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Druidry: An ancient religion makes a comeback

Updated on December 5, 2011
A modern day druid
A modern day druid | Source

Druidry is one of the oldest religions still being practiced in some form today.  Although Druids left no written accounts of themselves and much of what was written about them (by Julius Caesar, for example) is considered suspect, we know that they predate Christianity by quite a long time and were active in Gaul and other parts of Western Europe.

Druids believed in the Pythagorean doctrine of reincarnation, thinking that after a body died, its soul would enter into another body after a certain amount of time.  They also practiced magical rites, using mistletoe in some ceremonies as a sacred healing plant.  Although they worshiped nature, there is a fair amount of evidence suggesting that they also took part in human sacrifice to appease the gods.

Druidry has experienced a modern revival, starting in the 18th century when Stonehenge, an ancient monument that predates Druidry itself but which has since become an important element of the religion, started receiving attention.  In the 21st century, as support for mainstream religion is falling away, Druidry is once again on the rise, as the religion's innate concern for environmental issues strikes a chord with many people.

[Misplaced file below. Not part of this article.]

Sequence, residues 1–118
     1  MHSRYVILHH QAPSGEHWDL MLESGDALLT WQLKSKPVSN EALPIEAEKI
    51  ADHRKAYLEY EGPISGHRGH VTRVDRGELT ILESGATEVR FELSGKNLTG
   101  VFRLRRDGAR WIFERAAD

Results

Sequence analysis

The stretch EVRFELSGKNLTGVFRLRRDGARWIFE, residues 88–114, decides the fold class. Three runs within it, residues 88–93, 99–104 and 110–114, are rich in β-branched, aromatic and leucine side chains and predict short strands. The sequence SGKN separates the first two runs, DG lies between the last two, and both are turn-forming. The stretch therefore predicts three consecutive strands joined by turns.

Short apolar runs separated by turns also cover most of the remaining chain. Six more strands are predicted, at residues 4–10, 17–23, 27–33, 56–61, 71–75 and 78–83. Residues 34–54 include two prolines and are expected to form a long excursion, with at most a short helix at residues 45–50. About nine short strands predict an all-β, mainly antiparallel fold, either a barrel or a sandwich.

Recently, the British Charity Commission decided to officially recognize Druidry as a religion, taking its place alongside Christianity and other mainstream religions and making Druidic organizations eligible for tax breaks.


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